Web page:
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Experiments and Quasi Experiments. Profesor Alexander Settles. Types of Experiments. There are four kinds of experiments: True experiments Quasi-experiments Natural experiments Naturalistic experiments. True Experiments.

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Experiments and Quasi Experiments


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    1. Experiments and Quasi Experiments Profesor Alexander Settles

    2. Types of Experiments There are four kinds of experiments: • True experiments • Quasi-experiments • Natural experiments • Naturalistic experiments

    3. True Experiments • Some true experiments are done in the lab, others are done in the field. • There are five steps to follow in conducting true experiments:

    4. True Experiments 1. Need at least two groups: anexperimental group and a control group. One groups gets the intervention, the other group does not. 2. Random assignment of individuals to the groups. (The degree to which random assignment ensures equivalence of the groups is dependant upon the size of the groups.)

    5. True Experiments 3. The groups are measured on one or more dependent variables. This is called the pretest. 4. The intervention (independent variable) is introduced. 5. The dependent variables are measured again. This is the post test.

    6. Quasi-Experiments • Are experiments where the ability to randomly assign individuals to the experimental and control groups is limited or nonexistent. • Quasi-experiments are more commonly used in evaluating management policy

    7. Quasi-Experiments Example In a study of the effectiveness of a new management technique one branch office is given a new TQM method to implement another branch office retains the traditional management policy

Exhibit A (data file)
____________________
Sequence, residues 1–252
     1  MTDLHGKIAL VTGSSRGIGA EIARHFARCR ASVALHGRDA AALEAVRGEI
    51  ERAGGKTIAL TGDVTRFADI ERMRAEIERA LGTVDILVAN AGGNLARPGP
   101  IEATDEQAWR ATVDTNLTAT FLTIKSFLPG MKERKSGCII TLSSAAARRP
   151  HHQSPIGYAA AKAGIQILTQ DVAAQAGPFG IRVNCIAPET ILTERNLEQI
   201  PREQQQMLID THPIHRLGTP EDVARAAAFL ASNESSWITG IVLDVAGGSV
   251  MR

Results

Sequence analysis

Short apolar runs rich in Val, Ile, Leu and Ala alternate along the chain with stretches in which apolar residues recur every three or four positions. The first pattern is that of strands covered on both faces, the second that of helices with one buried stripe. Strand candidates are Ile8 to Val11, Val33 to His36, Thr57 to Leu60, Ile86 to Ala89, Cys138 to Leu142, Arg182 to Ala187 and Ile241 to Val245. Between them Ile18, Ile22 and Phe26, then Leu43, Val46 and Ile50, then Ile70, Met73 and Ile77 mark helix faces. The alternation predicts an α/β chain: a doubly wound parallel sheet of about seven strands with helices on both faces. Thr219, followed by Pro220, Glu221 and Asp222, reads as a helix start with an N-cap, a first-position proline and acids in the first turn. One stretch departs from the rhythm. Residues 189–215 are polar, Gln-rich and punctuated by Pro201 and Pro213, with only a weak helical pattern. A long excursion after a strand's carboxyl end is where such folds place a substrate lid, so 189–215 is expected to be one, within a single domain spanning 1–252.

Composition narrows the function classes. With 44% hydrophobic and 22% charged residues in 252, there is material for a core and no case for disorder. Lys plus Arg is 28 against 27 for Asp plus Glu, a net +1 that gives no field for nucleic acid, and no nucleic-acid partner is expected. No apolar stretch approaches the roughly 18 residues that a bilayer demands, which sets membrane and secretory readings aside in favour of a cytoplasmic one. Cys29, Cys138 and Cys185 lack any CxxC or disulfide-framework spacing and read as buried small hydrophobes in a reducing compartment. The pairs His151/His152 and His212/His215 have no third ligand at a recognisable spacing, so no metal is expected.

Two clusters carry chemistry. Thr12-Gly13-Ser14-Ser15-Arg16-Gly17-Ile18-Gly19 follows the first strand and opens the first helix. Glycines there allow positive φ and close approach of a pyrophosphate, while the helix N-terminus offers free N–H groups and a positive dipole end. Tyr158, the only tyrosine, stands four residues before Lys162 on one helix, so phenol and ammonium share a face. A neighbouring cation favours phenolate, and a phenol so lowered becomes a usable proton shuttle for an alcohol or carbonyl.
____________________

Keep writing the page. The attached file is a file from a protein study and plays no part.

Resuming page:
8. Quasi-Experiments Example (cont.) At the end of the a year the branch with TQM has higher quality of production than the one that retained the traditional management technique. Is this a “quasi-experiment”? Why?

    9. Quasi-Experiments Example (cont.) Answer: Most likely -- YES Random assignment to the two classes was probably not made, hence, groups may not be equivalent. Possibility of results being confounded other factors remains.

    10. Natural Experiments Natural experiments are happening around us all the time. They are not conducted by researchers, but simply evaluated by researchers. In other words, the researcher does not have control over the application of the treatment. This also means that there is no control over what groups receive the treatment and the composition of those groups.

    11. Naturalistic Experiments In naturalistic experiments, one contrives to collect experimental data under natural conditions. You make the data happen out in the natural world (not in the lab), and you evaluate the results.

    12. Naturalistic Experiments The difference between a natural experiment and a naturalistic experiment is that the first just happens, the second must be contrived to happen.

    13. Naturalistic Experiments Naturalistic experiments deviate from true experiments because group membership is not randomly assigned, and exogenous factors (confounding variables) are not controlled.

    14. Naturalistic Experiments Examples: • Patience of drivers behind a car that did not move soon after a red light turned green (independent variables: newness of car and dress of driver) • Matched pair testing to uncover discrimination in hiring practices • Determining a manager’s fulfillment of new learning organization policy by placing an employee in the team with training and monitoring responsibility